Chris Thelwell

How do we measure happiness?

A story of lean product development

Written on Tuesday, 1st April 2014 by Chris Thelwell

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One of the problems I’ve experienced with measuring performance within digital agencies and project teams is the focus on money. While focusing on financial metrics gives a really good indicator on how well things are going based on how we measure businesses, it often misses the real truth of what is going on and we often miss some vital signs of what could happen in the future.

What we need is another metric, something that can be used alongside the financial numbers, something that measures how well things are going. We need a way to measure how happy the client is, and how happy the project team are. We need a way to measure happiness.

What does good look like?

All our current methods for measuring success (in projects, teams and businesses) are based on three sets of metrics:

  • Money, e.g. bottom line, top line, profit, loss etc.
  • Effort, e.g. hours worked, amount of stuff produced, stories completed, bugs resolved etc.
  • Opinion, e.g. how we feel about it, our view on quality etc.

The problem with the last set of metrics (opinion) is that it is opinionated, personal and hard to get a accurate measure that can be benchmarked and compared against. This is the area where the measure of happiness could sit. When combined with the other more accurate sets of metrics we often find a huge gap between the performance on paper (as defined by the first two sets) and the reality of the experience on the ground (based on the team and client’s happiness).

Without an accurate measure of happiness, we miss out on some key insights including:

  • Probability of future work from the client, based on how happy a client is with our work
  • Predicting the churn rates and burn out within the team
  • Measuring the client or team relationship
  • Getting a fuller picture of the project as a whole

Balls in buckets

One of the techniques already used in client workshops is called ‘Balls in buckets’. We use two buckets, a happy bucket and a sad bucket and quite a few balls. As the client leaves the workshop we ask them to drop a ball in either of the buckets, this not only gives a good indication of how well things have gone, but also acts as an ice breaker to actively talk about the workshop experience and gain valuable feedback.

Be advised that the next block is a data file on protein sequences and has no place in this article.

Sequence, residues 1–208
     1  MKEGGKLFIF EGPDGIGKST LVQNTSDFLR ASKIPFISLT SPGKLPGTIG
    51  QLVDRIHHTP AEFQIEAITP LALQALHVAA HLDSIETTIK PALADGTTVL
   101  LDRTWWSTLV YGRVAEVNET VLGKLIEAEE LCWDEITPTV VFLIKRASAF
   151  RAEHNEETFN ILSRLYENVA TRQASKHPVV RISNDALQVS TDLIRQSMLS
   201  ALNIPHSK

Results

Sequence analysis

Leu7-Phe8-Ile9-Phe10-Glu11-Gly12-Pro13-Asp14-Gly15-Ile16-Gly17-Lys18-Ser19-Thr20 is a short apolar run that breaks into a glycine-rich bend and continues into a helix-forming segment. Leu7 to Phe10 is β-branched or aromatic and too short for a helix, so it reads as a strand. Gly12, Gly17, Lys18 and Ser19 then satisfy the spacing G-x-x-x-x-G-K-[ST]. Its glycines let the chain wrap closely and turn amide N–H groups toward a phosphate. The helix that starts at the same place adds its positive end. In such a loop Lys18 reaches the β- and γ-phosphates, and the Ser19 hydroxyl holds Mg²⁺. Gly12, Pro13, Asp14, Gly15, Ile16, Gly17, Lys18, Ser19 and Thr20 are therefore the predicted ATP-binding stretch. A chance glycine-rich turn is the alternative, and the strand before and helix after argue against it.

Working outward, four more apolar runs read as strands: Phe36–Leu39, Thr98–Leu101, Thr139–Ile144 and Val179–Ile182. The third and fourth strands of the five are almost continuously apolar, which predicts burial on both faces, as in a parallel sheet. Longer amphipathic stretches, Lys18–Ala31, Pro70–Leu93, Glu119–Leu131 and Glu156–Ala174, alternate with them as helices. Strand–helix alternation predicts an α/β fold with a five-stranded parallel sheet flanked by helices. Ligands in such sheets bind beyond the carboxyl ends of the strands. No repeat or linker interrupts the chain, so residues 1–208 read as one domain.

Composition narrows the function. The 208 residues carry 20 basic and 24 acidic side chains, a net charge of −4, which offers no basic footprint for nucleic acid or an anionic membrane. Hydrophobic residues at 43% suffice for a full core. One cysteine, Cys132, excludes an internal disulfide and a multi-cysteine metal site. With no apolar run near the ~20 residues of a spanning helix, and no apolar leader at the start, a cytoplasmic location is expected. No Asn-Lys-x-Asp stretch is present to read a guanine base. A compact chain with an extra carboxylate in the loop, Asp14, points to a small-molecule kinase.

Looking outside the agency and digital worlds, there is a great example of this in UK supermarkets. Each customer is given a green token when they pay for their groceries. Next to the door are three see-through containers to deposit the tokens in, each of which represents a great local cause. The customer can then choose which cause they want to support. As the above example this not only indicates which cause is the most supported (in this case winning the weeks charity fund) but it also acts as an ice breaker to get people talking about the causes and how well the supermarket is supporting them.

Both these examples have some really simple concepts in common:

  • The user decides between a couple of simple choices
  • It’s quick and easy to vote
  • Users vote anonymously
  • The user gets to see the difference their vote has made


Meet Appy

By combining these simple concepts with the advantages of an internet connected device such as realtime results, analytics and remote monitoring, I created the idea for Appy. By applying the Lean Start-up approach. I created a quick and simple prototype to test out the idea. Following great user feedback I then developed it further using Design-in-Browser and lots of experiments to create the simple and light weight interface for measuring happiness.


Appy is incredibly simple to use. Each person can choose between the happy face or the sad face to vote, avoiding any opinions in between. Swiping to the right reveals the live results, so the impact of each vote can be seen instantly. Appy has been successfully trialled in the following scenarios:

  • At the end of client workshops to gauge the clients impression as they walk out, like the balls in buckets
  • With remote teams to keep an eye on moral
  • By the door in the office to measure how well each day has gone
  • At a speaking event, to gauge the audience response
  • As a lead generation tool to collect leads from the most aligned people in the audience at the speaking event

Measuring happiness has proven to be a valuable addition to the other sets of metrics (money and effort), often providing context and meaning to events as trends start to appear allowing the creation of early indicators to prevent projects failing. Because of Appy’s simplicity it also acts as an ice breaker opening up conversations around happiness and project performance.

Give it a try

Appy was a fantastic experiment in both measuring success in different scenarios and also in evolving a digital product in a lean way using rapid prototyping, design-in-browser and quick feedback loops with real users. I’d like to know what you think, where and how would you use it? Please give it a try at and let me know what you think.